Read the writers who left: Yasin Kakande, Andre Naffis-Sahely, Noor Naga. Read the scholar who left: Yasser Elsheshtawy. Another who arrived: Laure Assaf. The journalists: Nick Leech, Anna Zacharias. Then look for those (especially the young writers) who make work here: Augustine Paredis, Aathma Nirmala Dious, Bhoomika Ghaghada. And there are others, plenty more, with their own little projects. Read the past, researchers like Murtaza Vali and Ahmad Makia. Read lampposts that advertise bed spaces, spot menus in Bangla. But it is such an odd word, here. It is supposed to situate a place, isn’t it? Even when you say it out loud—here—it sounds so final. But for those accustomed to and unnerved by transience, the here is a precarious/vulnerable state. So, when I think about the here, inevitably, I think about the everywhere too. Because some of us, like Mona Kareem, Benyamin, Mia Alvar, we belong to the same tribe, if such a word must be used. The tribe of the here and the everywhere. Although, admittedly, not all of us have the privilege of movement, which permits you to dream wider and longer, in my opinion.
Is there a place here you return to often?
Cafeterias. I am curious about them. In some of them I hear the language of home. Honestly though, I just hit them up for the food. One of the few places I don’t have to pretend I am good enough to be there, where you don’t have to be somebody.
Is there an iconic literary place we should know?
I can name two. The podcast Kerning Cultures. What they do is dope. I don’t care if they have Dubai roots. Then the inside of taxicabs: in the playlists of those who drive, as well as the stories about near and dear ones their minds harbor. All you have to do is ask and they’ll tell you tales. Hmm. One more? Postscript is young, what I would call a literary outpost, filled with the right kind of daring. Full disclosure: I am familiar with the work of some of the contributors and the founding members.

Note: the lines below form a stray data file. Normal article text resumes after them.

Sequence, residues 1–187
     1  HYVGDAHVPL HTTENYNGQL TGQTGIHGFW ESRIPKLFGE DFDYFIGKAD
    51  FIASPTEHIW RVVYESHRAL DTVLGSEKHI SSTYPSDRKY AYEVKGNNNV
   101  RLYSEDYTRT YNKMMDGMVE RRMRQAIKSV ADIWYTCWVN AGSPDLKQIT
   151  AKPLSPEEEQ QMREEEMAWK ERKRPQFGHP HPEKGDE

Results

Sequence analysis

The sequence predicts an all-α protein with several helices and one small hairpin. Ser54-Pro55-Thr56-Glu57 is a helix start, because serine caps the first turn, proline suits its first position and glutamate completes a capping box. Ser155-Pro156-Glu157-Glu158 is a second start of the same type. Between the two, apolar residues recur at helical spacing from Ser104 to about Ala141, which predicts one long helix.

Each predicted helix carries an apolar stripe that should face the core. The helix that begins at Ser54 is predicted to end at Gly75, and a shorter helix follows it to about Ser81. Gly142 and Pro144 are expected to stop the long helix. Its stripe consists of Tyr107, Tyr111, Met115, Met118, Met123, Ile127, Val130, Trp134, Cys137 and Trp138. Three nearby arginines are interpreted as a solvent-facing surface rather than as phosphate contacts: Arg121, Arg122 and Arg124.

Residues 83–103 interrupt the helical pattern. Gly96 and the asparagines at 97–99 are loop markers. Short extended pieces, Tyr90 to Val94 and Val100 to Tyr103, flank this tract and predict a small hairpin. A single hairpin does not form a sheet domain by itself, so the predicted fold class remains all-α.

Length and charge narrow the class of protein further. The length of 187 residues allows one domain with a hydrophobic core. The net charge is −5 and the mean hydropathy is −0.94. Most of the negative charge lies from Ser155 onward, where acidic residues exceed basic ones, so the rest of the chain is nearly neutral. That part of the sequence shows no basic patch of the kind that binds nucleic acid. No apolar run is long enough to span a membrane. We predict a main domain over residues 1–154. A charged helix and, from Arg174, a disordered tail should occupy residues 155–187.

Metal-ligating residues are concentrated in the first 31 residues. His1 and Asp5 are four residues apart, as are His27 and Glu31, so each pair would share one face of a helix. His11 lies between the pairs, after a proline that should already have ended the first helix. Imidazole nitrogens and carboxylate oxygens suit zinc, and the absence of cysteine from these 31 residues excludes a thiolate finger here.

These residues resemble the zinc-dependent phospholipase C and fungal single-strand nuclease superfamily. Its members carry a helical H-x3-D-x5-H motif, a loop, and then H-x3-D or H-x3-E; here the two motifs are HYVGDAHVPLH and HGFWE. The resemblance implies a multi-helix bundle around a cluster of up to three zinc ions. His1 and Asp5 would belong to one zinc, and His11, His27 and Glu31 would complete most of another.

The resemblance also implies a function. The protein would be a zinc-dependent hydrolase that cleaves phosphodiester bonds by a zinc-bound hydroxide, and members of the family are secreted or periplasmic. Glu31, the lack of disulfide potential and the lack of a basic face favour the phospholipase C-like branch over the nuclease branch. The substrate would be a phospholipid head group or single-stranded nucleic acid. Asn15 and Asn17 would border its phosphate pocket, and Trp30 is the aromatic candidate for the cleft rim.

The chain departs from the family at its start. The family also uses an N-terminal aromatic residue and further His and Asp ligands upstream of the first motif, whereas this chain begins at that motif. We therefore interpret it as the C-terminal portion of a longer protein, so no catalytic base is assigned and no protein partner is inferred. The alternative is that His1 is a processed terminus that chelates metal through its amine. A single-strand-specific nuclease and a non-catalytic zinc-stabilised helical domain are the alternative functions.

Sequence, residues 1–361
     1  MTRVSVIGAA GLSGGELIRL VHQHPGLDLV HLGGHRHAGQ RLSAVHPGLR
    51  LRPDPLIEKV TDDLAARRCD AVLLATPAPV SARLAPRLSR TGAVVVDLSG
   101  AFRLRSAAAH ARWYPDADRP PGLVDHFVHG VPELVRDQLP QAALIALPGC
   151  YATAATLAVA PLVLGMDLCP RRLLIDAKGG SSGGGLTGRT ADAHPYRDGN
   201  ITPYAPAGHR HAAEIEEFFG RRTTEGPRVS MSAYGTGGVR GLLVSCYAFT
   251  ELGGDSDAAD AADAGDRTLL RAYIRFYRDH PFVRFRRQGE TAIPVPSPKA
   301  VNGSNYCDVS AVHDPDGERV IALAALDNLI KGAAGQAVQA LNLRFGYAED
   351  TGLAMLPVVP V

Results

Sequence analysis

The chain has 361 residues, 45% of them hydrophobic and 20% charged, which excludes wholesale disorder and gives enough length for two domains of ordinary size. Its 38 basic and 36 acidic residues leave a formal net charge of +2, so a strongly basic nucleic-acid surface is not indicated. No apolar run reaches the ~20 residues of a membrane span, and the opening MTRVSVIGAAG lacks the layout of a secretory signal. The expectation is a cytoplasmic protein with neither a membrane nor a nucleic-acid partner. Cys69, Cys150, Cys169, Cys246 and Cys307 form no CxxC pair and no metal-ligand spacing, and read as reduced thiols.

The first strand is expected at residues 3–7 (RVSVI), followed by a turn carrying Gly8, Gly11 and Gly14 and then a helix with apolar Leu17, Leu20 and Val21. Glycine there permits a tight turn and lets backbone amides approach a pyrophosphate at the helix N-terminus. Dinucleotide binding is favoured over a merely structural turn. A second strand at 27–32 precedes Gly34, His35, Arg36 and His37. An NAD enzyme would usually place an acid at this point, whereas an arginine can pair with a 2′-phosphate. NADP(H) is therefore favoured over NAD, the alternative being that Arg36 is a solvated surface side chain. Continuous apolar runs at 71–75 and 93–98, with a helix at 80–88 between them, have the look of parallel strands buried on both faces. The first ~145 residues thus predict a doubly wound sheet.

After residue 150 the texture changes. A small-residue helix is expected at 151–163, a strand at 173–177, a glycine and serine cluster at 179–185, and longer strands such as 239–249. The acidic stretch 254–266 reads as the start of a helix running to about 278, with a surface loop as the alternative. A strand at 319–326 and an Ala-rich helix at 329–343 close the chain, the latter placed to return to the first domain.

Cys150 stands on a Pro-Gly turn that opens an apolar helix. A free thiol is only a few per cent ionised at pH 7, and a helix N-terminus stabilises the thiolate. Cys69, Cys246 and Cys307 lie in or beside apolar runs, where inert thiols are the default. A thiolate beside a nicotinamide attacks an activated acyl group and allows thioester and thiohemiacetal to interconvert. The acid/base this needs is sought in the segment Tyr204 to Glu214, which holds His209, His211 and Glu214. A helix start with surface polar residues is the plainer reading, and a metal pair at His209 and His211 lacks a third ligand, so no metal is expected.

Are there hidden cities within this city that have intrigued or seduced you?
At the airport, if I could, I would open everyone’s suitcase. Whether they are coming or going, I’d like to know what they are hoping for. What they’ve packed. Then I’d ask them, gently, Tell me about your things. Suitcases reveal everything.
Where does passion live here?
Park benches. Bars. Cafeterias. Near water, people seated by water. Passion is also (arguably) present in the art of speculation, a trade most of us moonlight in. That a couple more years and everything will be sorted, that our worlds will change. Because dreams need time, right?
What is the title of one of your works about Abu Dhabi and what inspired it exactly?
I finished “Gulf Return,” which opens Temporary People, in under three hours. Circa 2012, I read a piece in The Guardian about labor rights and felt helpless and lost and mad. But I also had an assignment to complete, because the writer Deb Olin Unferth had tasked us to write a story about lists, or something like that. At two-something in the morning, Chicago time, I sat down to write what eventually became a story of a man who turns into a plane. I don’t think I’ve ever thanked Deb for her prompt.
Inspired by Levi, “Outside Abu Dhabi does an outside exist?”
My parents came to Abu Dhabi from Kerala. After forty-something years, they returned to Kerala. In a sleepy town in Kerala, where three dogs lounge by the portico of my parents’ house, Abu Dhabi exists. Thousands of kilometers away, near Hamdan Street, where I live, Kerala exists. And believe you me, as long as there’s breath in me, I will be my family’s archive, the loudmouth who won’t stop talking, because that’s my inheritance, stories, knowledge that is mine, what cannot be taken from me.
Deepak Unnikrishnan is a writer from Abu Dhabi. His book Temporary People, a work of fiction about Gulf narratives steeped in Malayalee and South Asian lingo, won the inaugural Restless Books Prize for New Immigrant Writing, the Hindu Prize, and the Moore Prize.
© 2022 Deepak Unnikrishnan. All rights reserved.